frightening scary stories from your childhood are likely
the ones that the teller claimed were real. Stories that
started, "You know that abandoned house over on Forest
Street? Well, you know why no one lives there?" The
risk is when one tries to overplay the sincerity.
one thing to suggest a story is real and let it stand on
it's own merit. It's quite another to assert, assure, and
insist a story is real and then attempt to back up your
claims by producing a poor-quality Polaroid of the ghost/killer/alien
that you saw with your very own eyes.At
that point, you may well have put more on the line than
those ghost stories, The Fourth Kind is an alien
abduction movie that makes the assertion of it's authenticity
paramount from the very first sequence, and as a result
it's a movie that lives or dies based on your opinion of
The conceit of The Fourth Kind is a new twist.
It claims to be a melding of dramatic reenactment and actual
recorded footage concerning events in Nome, Alaska in October,
2000. Milla Jovovich plays Abigail Tyler, a psychotherapist
in Nome whose husband has recently died under mysterious
circumstances while conducting a sleep study. It seems some
people in Nome are having a hard time sleeping, and are
all being woken up at the same time by a strange owl staring
at them through their window.
digs deeper and uses hypnosis to try to help her patients
access their memories of what's disturbing their sleep,
her methods have some unsettling results, and her search
turns up some creepy evidence that alien abductions (or
the "Fourth Kind" of alien contact) are going
on in Alaska's northern-most city.
The Fourth Kind opens with straight-faced assertions
from both its lead actor, Jovovich, and the writer and director,
Olatunde Osunsanmi, that everything in the movie is based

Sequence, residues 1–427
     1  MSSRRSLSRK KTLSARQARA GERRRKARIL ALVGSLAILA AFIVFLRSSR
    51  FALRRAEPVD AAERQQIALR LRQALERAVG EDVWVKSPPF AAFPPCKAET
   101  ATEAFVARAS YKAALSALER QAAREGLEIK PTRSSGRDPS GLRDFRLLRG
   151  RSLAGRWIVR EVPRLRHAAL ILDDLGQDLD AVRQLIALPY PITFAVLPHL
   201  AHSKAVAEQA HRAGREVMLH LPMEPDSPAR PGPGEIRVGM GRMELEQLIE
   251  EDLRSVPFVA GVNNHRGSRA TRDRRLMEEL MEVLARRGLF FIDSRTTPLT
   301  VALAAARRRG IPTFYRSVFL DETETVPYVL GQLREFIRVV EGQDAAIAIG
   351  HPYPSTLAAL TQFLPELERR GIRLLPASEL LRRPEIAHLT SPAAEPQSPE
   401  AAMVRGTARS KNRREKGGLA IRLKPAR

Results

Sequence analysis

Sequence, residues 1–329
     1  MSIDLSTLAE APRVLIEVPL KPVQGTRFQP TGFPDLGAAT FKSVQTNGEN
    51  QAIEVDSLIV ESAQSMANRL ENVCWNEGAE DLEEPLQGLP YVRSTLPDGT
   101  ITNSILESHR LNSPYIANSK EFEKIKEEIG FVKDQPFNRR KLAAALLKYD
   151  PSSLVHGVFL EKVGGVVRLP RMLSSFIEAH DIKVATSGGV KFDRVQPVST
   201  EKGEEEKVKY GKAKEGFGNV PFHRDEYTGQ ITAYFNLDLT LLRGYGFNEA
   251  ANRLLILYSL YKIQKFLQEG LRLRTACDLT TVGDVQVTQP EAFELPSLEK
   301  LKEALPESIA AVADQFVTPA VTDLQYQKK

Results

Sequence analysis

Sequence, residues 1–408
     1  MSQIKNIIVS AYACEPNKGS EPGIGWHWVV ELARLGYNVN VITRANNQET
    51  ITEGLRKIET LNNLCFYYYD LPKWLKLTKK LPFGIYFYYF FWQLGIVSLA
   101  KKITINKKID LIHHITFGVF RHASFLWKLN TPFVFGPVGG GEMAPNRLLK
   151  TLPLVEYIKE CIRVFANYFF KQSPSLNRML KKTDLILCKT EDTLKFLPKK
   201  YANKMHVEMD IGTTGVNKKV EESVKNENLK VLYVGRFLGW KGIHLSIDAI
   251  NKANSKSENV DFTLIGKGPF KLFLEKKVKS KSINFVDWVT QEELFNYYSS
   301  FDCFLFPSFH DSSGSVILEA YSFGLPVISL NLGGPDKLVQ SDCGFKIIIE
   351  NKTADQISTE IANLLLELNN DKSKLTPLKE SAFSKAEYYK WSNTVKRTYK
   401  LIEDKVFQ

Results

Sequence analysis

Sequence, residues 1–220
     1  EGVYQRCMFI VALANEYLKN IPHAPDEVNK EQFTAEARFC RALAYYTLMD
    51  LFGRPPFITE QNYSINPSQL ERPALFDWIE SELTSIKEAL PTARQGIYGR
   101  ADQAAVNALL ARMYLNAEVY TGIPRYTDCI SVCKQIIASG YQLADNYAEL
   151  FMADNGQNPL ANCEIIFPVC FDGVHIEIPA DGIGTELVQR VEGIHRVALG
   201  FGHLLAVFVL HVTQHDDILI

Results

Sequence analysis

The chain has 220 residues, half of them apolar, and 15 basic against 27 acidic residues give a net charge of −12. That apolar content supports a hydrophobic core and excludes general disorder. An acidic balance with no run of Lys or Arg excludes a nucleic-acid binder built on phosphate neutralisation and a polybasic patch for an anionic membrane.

on documented events and that the video footage in the movie
is real. The movie has some solid scares as it is, but if
their claims of the authenticity of the footage is to be
believed, this would be one of the most terrifying events
I've seen in my life.
the extreme and almost conclusive nature and content of
the "real" footage, this invariably leads to the
question: If this is real, why have I never seen it or heard
of it before? And why has it been relegated to a sci-fi
/ horror hybrid movie eight years after the fact?
The documentary footage is definitely suspect. The "real"
Abigail Tyler, when shown in interview footage with Osunsanmi,
looks like an alien herself, with a sallow, almond-shaped
face and huge, constantly moist eyes. (She also looks nothing
like Milla Jovovich.) The primary source material of video
and audio tapes, which makes up the backbone of the most
frightening portion of the movie, is invariably and conveniently
scrambled or distorted at the very moment the visual would
be most conclusive. Not to mention the fact that nobody
in Nome has ever heard anything about the events or people
depicted or documented in the movie.
The movie's assertions of validity force you ask yourself
the question: How do you feel about the idea of being manipulated?
Not by aliens, as the movie would like you to consider,
but by a potentially unscrupulous filmmaker. Osunsanmi clearly
feels that the claim that the documentary footage is real
is essential to getting the gimmick of the movie to work,
but by making the claim with such bravado, there is the
unintended consequence of making it the primary focus of
the movie and forcing people to start to make up their minds
forces conversation or consideration about the movie away
from anything except whether or not it is to be believed.
As people don't like the idea of being duped by something
that's so suspect, they will likely either roll their eyes
at the assertions of validity or spend the length of the
movie being creeped out and frightened, and then roll their
eyes at the assertions of validity.
The distraction is unfortunate, because there are definitely
some things about the movie that work. If you can get past
your cynicism and accept the conceit, there are some wonderfully
scary elements at work here, including a voice-activated
micro-tape playback that made my skin crawl. The documentary
footage has some of the most startling and potentially disturbing
imagery and sound in recent memory. (Though I will admit,
I have not seen Paranormal Activity.) Some of the
gooses are aided by a booming sound mix on steroids, which
is a cheap trick, sure, but effective none the less.
it's almost completely fabricated, and not an occasion to
start wearing aluminum foil on your head and planing for
the impending invasion, the movie works on its own as a
scary alien abduction story with some pretty intense and
frightening "real" footage. As a completely honest
reenactment and presentation of documentary footage, it's
a rough pill to swallow.
the movie's attitude makes you feel like you have no choice
but to choose a side and ends up pushing even those who
enjoyed the movie into skepticism. Now, do you want to see
my picture of the ghost that lives in the abandoned house
on Forest Street? It's kinda fuzzy, but if you look real